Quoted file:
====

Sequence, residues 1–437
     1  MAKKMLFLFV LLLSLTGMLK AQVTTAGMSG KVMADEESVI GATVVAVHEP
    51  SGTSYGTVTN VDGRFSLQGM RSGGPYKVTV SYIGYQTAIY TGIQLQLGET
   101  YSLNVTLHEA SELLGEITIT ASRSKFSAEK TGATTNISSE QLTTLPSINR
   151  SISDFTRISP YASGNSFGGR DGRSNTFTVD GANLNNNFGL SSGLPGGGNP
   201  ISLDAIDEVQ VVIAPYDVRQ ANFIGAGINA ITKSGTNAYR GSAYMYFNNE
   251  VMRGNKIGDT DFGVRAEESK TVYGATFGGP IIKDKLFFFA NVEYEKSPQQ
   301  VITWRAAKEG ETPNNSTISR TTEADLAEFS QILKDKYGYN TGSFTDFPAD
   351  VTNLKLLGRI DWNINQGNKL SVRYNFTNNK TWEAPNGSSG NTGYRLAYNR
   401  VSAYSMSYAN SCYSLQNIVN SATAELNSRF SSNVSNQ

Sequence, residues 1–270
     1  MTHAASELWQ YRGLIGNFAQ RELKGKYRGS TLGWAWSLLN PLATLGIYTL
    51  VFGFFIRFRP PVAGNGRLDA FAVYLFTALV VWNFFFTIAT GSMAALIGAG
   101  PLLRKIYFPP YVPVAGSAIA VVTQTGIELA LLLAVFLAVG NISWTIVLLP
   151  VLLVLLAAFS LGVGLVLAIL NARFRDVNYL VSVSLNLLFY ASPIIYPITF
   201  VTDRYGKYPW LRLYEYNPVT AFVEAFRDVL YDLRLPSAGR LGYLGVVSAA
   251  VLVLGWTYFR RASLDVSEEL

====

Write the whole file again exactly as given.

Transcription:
Sequence, residues 1–437
     1  MAKKMLFLFV LLLSLTGMLK AQVTTAGMSG KVMADEESVI GATVVAVHEP
    51  SGTSYGTVTN VDGRFSLQGM RSGGPYKVTV SYIGYQTAIY TGIQLQLGET
   101  YSLNVTLHEA SELLGEITIT ASRSKFSAEK TGATTNISSE QLTTLPSINR
   151  SISDFTRISP YASGNSFGGR DGRSNTFTVD GANLNNNFGL SSGLPGGGNP
   201  ISLDAIDEVQ VVIAPYDVRQ ANFIGAGINA ITKSGTNAYR GSAYMYFNNE
   251  VMRGNKIGDT DFGVRAEESK TVYGATFGGP IIKDKLFFFA NVEYEKSPQQ
   301  VITWRAAKEG ETPNNSTISR TTEADLAEFS QILKDKYGYN TGSFTDFPAD
   351  VTNLKLLGRI DWNINQGNKL SVRYNFTNNK TWEAPNGSSG NTGYRLAYNR
   401  VSAYSMSYAN SCYSLQNIVN SATAELNSRF SSNVSNQ

Sequence, residues 1–270
     1  MTHAASELWQ YRGLIGNFAQ RELKGKYRGS TLGWAWSLLN PLATLGIYTL
    51  VFGFFIRFRP PVAGNGRLDA FAVYLFTALV VWNFFFTIAT GSMAALIGAG
   101  PLLRKIYFPP YVPVAGSAIA VVTQTGIELA LLLAVFLAVG NISWTIVLLP
   151  VLLVLLAAFS LGVGLVLAIL NARFRDVNYL VSVSLNLLFY ASPIIYPITF
   201  VTDRYGKYPW LRLYEYNPVT AFVEAFRDVL YDLRLPSAGR LGYLGVVSAA
   251  VLVLGWTYFR RASLDVSEEL